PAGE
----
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Tara campaigners have handed in a re-interment petition to Dáil Éireann;

“A petition to reinter the remains of those whose graves were desecrated during excavations for the M3 Motorway through the Tara Skryne Valley Co. Meath, will be handed in at Dáil Eireann on Monday 8th Nov 12 mid day.

Tara campaigners demand that the remains removed from their ancient Sacred Burial Grounds be reinterred in a respectful and dignified manner as closely as possible to their original resting places and as closely as possible to their original ceremonial layout. This campaign was given the backing of the World Archaeological Conference held in Dublin 2008 and attended by over 1,800 archaeologists, native peoples and international scholars from 74 nations.

Quote from WAC (World Archaeological Congress):

” Recognising that the reburial of ancient remains in Ireland is subject to the provisions of the National Monuments Act and the agreement of the National Museum of Ireland, the World Archaeological Congress also draws attention to the Vermillion Accord on human remains and suggests that any human remains excavated from the cultural landscape of Tara should be re-interred with due respect as close as possible to their original locations, as this is where these people would have wished to be buried”.

It is estimated that between 60-90 remains were removed from Collierstown, the reputed burial site of the Fianna after the Battle of Gabhra in 284 AD. In addition over 27 were removed from Ardsallagh and many more were taken from individual sites along the route of the M3 Motorway.

Well known signatories and supporters of the petition include Actor Stuart Townsend, Nobel Laureate Seamus Heaney, Pultizer Prize winner Paul Muldoon, Writer Colm Tóibín, famous Harpist Laoise Kelly, Grammy Award winning Singer/Songwriter Susan Mc Keown, Guitar Virtuoso Aidan Brennan and Musician Steve Cooney as well as Archbishop of Armagh Alan Harper and Bishop Smith of the Catholic Meath Diocese.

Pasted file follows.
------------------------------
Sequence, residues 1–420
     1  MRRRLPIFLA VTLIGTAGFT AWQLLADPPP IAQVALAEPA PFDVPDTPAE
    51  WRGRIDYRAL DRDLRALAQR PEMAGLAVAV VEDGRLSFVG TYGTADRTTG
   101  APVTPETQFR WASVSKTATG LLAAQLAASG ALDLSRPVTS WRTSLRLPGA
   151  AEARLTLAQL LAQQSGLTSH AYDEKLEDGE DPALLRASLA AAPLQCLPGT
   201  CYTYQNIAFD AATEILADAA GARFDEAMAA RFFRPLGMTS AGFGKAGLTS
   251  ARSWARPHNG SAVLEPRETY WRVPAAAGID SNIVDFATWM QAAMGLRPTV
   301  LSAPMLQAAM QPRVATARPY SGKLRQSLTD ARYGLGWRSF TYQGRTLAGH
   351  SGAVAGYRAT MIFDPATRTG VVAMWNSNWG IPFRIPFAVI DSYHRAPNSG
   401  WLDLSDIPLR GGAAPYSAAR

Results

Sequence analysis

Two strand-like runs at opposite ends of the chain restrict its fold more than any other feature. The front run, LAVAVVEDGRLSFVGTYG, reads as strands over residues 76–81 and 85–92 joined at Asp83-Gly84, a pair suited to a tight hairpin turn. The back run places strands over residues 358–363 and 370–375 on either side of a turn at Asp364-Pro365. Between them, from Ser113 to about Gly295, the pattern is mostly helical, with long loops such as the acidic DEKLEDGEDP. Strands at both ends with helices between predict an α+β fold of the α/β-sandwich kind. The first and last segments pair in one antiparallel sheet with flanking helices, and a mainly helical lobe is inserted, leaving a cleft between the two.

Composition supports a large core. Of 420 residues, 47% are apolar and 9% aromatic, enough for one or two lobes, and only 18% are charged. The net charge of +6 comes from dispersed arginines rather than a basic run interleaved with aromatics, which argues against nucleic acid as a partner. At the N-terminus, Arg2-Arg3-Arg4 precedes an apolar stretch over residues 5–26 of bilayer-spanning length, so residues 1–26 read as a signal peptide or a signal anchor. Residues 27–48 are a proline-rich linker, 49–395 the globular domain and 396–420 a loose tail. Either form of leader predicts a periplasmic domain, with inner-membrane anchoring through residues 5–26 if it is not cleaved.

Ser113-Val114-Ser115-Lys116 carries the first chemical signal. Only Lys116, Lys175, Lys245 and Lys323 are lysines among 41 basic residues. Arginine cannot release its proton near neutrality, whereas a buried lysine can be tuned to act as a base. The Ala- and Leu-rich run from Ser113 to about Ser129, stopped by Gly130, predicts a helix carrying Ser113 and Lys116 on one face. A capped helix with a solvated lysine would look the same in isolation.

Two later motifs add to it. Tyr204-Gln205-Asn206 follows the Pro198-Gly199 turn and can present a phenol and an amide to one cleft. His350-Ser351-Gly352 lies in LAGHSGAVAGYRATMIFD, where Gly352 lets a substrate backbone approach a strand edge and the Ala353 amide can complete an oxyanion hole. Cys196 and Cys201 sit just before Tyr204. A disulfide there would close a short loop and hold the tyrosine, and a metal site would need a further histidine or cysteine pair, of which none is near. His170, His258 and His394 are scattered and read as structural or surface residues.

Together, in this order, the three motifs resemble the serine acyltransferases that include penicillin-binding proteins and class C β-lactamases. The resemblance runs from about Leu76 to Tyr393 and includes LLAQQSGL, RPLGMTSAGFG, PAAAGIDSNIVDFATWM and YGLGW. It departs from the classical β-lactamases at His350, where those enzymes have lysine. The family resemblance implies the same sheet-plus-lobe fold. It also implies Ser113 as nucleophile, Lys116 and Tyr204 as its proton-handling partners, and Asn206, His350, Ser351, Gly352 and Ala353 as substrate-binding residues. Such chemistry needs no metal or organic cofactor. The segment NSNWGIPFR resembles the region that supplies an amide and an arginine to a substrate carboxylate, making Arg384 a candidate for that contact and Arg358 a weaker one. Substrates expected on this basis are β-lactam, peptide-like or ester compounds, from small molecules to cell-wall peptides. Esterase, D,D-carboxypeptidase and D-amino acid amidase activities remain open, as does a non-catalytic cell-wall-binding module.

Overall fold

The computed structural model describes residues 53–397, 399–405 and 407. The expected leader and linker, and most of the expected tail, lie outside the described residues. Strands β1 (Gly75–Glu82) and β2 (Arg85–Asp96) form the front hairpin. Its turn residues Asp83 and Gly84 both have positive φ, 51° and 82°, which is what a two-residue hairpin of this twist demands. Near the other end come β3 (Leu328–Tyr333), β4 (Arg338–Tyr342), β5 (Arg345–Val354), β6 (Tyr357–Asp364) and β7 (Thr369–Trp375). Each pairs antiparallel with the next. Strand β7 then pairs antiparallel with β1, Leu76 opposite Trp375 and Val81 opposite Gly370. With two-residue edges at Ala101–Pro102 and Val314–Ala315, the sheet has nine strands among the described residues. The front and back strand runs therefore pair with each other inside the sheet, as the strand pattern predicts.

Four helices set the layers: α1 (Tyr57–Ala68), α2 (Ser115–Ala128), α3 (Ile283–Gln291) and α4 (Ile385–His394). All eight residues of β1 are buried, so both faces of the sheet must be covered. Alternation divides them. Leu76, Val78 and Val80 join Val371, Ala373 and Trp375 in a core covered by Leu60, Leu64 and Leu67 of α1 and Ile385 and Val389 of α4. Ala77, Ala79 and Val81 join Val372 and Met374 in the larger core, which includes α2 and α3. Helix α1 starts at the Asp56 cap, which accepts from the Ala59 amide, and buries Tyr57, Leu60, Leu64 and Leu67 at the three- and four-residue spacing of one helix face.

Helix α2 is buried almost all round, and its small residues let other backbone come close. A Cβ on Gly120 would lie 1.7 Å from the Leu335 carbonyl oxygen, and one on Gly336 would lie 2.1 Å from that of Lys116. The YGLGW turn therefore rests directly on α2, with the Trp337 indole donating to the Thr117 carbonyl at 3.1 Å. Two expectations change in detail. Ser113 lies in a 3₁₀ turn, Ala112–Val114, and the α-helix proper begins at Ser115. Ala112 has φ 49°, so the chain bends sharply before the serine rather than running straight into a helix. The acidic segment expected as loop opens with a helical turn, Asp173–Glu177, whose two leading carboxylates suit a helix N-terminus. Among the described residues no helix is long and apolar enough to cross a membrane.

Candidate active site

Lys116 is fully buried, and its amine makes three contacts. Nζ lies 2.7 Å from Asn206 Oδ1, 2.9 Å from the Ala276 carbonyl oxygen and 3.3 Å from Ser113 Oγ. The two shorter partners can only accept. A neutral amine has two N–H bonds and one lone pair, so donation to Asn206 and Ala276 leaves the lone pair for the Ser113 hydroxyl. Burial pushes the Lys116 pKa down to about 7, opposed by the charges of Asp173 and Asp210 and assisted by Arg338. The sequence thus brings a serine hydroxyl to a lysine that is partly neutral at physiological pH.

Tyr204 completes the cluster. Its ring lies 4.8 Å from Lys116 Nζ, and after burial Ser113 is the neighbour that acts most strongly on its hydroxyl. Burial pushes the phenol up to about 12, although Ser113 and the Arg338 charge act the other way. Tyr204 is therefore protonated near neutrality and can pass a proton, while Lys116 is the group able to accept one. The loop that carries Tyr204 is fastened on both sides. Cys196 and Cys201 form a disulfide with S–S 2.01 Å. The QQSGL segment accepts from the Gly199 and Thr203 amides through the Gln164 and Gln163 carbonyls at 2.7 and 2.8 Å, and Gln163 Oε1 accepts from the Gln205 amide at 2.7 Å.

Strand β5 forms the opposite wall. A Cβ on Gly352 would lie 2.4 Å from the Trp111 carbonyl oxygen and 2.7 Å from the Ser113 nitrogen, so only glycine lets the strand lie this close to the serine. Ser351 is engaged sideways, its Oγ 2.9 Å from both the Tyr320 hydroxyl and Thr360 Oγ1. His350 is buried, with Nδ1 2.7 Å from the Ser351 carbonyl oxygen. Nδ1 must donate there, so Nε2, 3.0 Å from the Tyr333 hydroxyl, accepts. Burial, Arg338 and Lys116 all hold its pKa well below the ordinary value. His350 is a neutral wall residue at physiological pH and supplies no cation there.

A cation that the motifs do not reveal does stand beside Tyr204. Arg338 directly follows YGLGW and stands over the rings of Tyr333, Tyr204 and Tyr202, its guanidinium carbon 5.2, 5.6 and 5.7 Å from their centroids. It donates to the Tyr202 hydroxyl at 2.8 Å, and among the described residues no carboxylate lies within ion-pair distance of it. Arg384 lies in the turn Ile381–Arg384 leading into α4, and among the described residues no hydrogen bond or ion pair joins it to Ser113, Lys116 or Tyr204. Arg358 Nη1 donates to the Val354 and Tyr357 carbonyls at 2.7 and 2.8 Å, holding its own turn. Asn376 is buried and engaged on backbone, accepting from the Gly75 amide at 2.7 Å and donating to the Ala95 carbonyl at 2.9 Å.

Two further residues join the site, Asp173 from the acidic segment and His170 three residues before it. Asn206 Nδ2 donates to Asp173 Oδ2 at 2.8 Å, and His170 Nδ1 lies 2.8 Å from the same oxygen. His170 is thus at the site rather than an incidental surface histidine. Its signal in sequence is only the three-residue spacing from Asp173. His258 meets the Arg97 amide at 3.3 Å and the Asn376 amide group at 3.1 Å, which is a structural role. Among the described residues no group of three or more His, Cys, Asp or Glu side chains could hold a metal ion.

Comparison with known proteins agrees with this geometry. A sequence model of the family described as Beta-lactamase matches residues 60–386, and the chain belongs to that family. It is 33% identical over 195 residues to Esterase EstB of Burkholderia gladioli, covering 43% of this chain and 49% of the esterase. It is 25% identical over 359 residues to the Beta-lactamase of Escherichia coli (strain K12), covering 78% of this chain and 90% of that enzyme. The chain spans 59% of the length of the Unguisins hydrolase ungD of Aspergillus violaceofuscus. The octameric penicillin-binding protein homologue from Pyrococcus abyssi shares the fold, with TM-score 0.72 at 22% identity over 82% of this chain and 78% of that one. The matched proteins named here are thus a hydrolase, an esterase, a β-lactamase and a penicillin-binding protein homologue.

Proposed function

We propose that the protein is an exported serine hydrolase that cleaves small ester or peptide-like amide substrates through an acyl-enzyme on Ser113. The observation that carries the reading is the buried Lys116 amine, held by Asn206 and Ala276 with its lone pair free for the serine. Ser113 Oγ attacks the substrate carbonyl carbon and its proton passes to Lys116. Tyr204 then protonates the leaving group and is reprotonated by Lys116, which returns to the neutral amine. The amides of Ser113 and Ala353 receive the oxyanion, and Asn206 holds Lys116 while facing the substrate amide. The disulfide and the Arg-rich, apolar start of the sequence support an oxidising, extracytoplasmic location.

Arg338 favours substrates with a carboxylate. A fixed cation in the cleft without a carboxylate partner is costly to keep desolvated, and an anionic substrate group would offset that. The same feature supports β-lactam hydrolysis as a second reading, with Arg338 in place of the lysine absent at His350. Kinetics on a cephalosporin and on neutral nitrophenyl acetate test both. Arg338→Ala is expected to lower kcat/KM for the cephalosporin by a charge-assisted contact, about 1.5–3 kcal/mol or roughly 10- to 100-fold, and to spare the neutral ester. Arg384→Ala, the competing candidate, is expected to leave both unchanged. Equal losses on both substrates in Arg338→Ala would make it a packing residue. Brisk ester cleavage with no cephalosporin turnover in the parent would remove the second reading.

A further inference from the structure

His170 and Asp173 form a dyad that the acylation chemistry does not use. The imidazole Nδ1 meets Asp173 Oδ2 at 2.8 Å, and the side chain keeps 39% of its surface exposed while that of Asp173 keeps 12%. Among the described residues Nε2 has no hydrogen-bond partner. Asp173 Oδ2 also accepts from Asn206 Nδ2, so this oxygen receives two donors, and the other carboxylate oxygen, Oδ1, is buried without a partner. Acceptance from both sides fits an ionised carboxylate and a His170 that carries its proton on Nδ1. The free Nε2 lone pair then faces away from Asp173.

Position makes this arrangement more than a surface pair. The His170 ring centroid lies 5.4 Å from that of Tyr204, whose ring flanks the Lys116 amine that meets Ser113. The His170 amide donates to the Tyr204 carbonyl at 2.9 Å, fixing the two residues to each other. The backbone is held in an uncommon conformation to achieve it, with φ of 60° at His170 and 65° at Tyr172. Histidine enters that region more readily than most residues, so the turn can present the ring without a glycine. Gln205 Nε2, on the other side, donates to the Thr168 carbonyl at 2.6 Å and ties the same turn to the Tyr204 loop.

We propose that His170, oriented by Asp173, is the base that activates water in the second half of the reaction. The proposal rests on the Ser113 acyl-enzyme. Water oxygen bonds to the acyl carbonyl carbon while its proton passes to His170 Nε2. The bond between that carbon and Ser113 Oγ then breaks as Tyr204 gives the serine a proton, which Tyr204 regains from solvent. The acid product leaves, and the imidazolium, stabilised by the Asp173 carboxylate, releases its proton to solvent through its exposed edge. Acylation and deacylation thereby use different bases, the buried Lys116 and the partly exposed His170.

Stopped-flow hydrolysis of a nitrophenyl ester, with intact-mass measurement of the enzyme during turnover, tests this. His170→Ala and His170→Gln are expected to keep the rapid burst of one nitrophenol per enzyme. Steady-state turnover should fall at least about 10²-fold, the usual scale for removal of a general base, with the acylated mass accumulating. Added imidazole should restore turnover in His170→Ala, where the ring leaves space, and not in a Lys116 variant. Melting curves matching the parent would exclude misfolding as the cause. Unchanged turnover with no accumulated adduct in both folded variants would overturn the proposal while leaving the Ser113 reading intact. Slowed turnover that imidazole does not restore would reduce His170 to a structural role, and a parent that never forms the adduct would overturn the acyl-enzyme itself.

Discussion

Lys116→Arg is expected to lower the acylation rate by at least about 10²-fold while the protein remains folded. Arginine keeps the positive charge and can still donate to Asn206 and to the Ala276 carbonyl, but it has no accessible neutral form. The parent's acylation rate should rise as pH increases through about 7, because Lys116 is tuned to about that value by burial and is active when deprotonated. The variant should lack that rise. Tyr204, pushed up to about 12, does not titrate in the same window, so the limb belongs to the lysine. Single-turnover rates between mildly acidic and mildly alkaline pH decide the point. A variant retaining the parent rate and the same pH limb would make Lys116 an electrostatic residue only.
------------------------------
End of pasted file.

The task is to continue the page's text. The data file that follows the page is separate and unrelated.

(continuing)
The organisers of the petition, Tomás Mac Cormaic and Carmel Diviney wish to thank Tara supporters worldwide for adding to the call to put pressure on the Irish Government and the National Museum of Ireland to show due respect to Tara’s ancestral remains. We hope that the thousands of other remains unearthed during construction works throughout the country which are not being held for scientific research purposes, will likewise be given dignified and respectful reburial without delay.


Carmel Diviney,


Tara Skryne Preservation Group.”

Preliminary excavation results (regarding the 62 Collierstown bodies) can be found here;

A link to the Tara-Skryne Preservation Group

And a link to some relevant photos

There was quite a good bog-body article in the Independent this week; in which Clodagh Finn filled in the background behind a free lecture in the National Museum, in Dublin;

One of the bodies described; ‘Old Croghan man’ (362 – 175 BCE), would have been 6 feet 6 inches in height (how ‘special’ would that have seemed, back then?) and had “beautifully manicured” hands – implying that his life was free from labour. He been stabbed, sewn through the arm with a hazel branch and beheaded.

The other, a near neighbour; the contemporaneous ‘Clonycavan man‘, was much shorter, perhaps about 5 feet 2 inches, but his hair had been gelled (expensively) so that it would rise a couple of inches into the air. His demise was also both gruesome and multi-layered; he had received three axe blows to the head and one to the chest, due, possibly, to a disembowelling action.

Modern digital tech can do wonders with facial reconstruction and the results on this man’s ’head’ were striking enough to prompt a remark from Eamonn Kelly, keeper of antiquities at the Museum; “When he saw the image, my brother rang and said, ‘Ned, he is the image of my wife’s cousin in the Midlands’. And it’s true, he could be around today — he looks like a junior Offaly hurler.” And why not? Some of those junior Offaly hurlers might even be descended from him.

Both bodies had their nipples slashed and both had been placed in boggy pools on a territorial boundary, and Clodagh Finn’s article has some interesting speculation about the possible links between Iron Age human sacrifice and kingship. It’s worth reading. For information about the lecture and about other events, see here;


November 2010

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